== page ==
Give to everyone who asks you, and if anyone takes what belongs to you, do not demand it back. Do to others as you would have them do to you. If you love those who love you, what credit is that to you? Even sinners love those who love them. And if you do good to those who are good to you, what credit is that to you? Even sinners do that. And if you lend to those from whom you expect repayment, what credit is that to you? Even sinners lend to sinners, expecting to be repaid in full. But love your enemies, do good to them, and lend to them without expecting to get anything back. Then your reward will be great, and you will be children of the Most High, because he is kind to the ungrateful and wicked.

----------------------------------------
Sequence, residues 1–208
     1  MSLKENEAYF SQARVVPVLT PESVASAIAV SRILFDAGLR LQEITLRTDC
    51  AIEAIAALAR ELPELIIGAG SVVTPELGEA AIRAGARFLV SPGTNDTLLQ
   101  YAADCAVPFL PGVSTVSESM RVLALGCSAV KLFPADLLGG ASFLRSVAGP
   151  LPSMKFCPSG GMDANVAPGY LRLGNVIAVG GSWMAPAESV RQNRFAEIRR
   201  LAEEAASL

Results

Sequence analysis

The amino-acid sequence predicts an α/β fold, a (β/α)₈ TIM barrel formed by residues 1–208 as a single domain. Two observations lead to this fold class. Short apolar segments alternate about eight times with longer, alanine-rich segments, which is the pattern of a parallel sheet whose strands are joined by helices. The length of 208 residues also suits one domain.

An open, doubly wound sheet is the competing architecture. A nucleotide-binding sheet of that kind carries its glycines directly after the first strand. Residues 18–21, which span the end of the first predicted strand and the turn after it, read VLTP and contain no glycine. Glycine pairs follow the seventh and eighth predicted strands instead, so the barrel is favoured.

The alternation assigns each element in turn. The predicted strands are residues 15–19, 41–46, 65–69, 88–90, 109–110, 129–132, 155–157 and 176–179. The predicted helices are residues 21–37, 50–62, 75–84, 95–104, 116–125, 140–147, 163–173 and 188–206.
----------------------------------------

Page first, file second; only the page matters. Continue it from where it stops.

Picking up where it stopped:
Luke 6:30-35

Luke’s account of Jesus’ sermon above uses the very familiar phrase “Do unto others as you would have them do unto you” as seen in the sermon on the mount in Matthew’s gospel. Unlike in that account where we are given the example of a person doing good to his own child, Jesus uses the Golden Rule to encourage people to give to outsiders without expectation of return. In other words, Jesus is in favor of debt forgiveness!

“Love your enemies” sounds good to anyone if you make it a squishy, contextless proverb. Hate is a poison that kills the one who holds it, blah blah blah. But when Jesus says love your enemies and give them money it suddenly gets real! “Do unto others” means help people who hate you and with no expectation of gain.

If you want to be godly, you have to be willing to do good for the “ungrateful and wicked.” And yes, it’s hard. We must do for others as we want them to do for us because who we are is far more important than what we have.

Ethan Kirl